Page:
Beginner, should I get hand planes?

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Forum topic by DrHorrible posted 12-30-2013 04:11 PM 2173 views 0 times favorited 21 replies Add to Favorites Watch
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8 posts in 1664 days

12-30-2013 04:11 PM

I am very, very early into woodworking. I just built myself a workbench (free plan off fine woodworking), and I have stocked up on some power tools thanks to my birthday and Christmas (I got some of the main things, except a jointer).

I periodically search Craigslist to see if there are any deals, and I found a stanley bedrock #607 for about half the price they are on ebay. I think this is a jointer planer. It requires sharpening, which means I not only have to spend money and master the plane itself, but I have to buy the equipment to sharpen, and learn how to do that properly (which I hear is not necessarily easy, despite the steps being laid out in multiple books I have). On top of that, I hear if I want to joint a board, I’ll need more than just a jointer planer anyway.

Should I get a little more experience at woodworking under my belt before I start throwing even more money toward hand planes and grinders, sharpening stones, etc.?

Another reason I was looking at hand planes is because I went to a lumber yard recently and it costs more to get a squared edge (versus them just planing edges parellel or ripping a straight edge) on rough lumber. I wanted to make a cutting board as one of my first projects, but one of my first roadblocks was whether I can try and make a jointer jig for my table saw, or just pay some more money up front for them to square up a few edges for me to work off of.

Appreciate your feedback and advice!

21 replies so far

View JohnChung's profile


410 posts in 2101 days

#1 posted 12-30-2013 04:45 PM

If you are getting into planes and your primary purpose is squared stock then I would suggest a jointer. You can start with Stanley but most likely you need to tune it up. If you don’t mind then start with a premium plane. No tuning required.

The LV Bevel up jointer would be a good choice.

As for sharpening, you need a good set of equipment. You can use the scary sharp method which is sandpaper with a glass bottom. Once you are tired with changing sand paper you can go with the stones.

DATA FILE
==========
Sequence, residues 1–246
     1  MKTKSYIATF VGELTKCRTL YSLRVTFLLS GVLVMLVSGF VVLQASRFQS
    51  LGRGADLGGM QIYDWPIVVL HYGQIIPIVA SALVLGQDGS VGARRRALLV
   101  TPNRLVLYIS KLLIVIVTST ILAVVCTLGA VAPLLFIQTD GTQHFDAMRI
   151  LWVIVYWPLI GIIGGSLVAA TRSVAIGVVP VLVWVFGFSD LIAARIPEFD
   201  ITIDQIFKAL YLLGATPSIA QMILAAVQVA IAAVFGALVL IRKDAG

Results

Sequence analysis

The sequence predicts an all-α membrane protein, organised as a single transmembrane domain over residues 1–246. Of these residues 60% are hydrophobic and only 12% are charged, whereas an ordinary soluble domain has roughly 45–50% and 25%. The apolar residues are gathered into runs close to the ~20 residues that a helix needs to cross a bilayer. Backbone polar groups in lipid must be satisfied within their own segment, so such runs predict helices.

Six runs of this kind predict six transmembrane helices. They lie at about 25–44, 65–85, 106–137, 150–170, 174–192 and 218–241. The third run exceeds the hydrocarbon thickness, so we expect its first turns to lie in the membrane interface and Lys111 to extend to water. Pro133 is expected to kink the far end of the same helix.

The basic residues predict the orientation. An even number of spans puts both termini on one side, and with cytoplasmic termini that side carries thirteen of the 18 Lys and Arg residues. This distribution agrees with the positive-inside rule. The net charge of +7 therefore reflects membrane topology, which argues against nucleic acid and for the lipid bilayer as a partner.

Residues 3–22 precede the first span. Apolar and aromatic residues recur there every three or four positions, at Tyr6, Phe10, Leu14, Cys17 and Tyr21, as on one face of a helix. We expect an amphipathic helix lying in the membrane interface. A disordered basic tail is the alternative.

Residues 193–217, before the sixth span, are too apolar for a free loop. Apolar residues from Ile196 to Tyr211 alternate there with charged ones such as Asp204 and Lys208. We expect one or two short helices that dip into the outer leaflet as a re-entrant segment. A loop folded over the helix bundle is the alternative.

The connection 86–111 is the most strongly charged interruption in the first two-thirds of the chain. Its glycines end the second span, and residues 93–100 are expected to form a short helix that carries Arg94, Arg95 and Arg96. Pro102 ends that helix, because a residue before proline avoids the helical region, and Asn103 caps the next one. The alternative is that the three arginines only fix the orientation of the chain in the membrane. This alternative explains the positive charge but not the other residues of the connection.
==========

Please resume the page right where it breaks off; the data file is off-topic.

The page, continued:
I don’t generally use power tools. Hand tools can be as fast if used correctly. I square stock with hand tools and it is fast if the stock is in a moderate condition.

View Loren's profile


10476 posts in 3675 days

#2 posted 12-30-2013 04:54 PM

If the Bedrock is under a hundred bucks it’s probably a
good buy and you can resell it at no loss if it doesn’t
suit you.

Jointer planes are versatile. If you’re willing to both acquire
the equipment for sharpening and learn to do it, I
don’t think you’ll regret getting into using hand planes.

Ian Kirby wrote a lot of articles for woodworking magazines
and some books too. His methods relied a lot of the
jointer plane for almost everything. It gets a little
heavy to use it for everything maybe, but the tool
can make accurate squaring and straightening cuts
in all grain types.

View CharlesA's profile


3329 posts in 1824 days

#3 posted 12-30-2013 04:56 PM

Here’s my not expert opinion—take it for what it is worth:

The most helpful single thing I’ve read in woodworking is Christopher Schwarz’s Coarse, Medium, Fine. He is very helpful in pointing out that the best way to proceed is the best tool to do the job—sometimes that is power, sometimes that is hand. After reading his piece, I spent time finding a Fore Plane and Jointer plane on Craigslist (both used Stanleys and about $60 each). I have found them, along with the block and smoothing plane I already had, to make my woodworking so much easier and better. I use my jointer plane to square up stock all the time. With the Fore and Jointer planes, I can know by rough stock straight from the sawmill—I do use a thickness planer as well, though.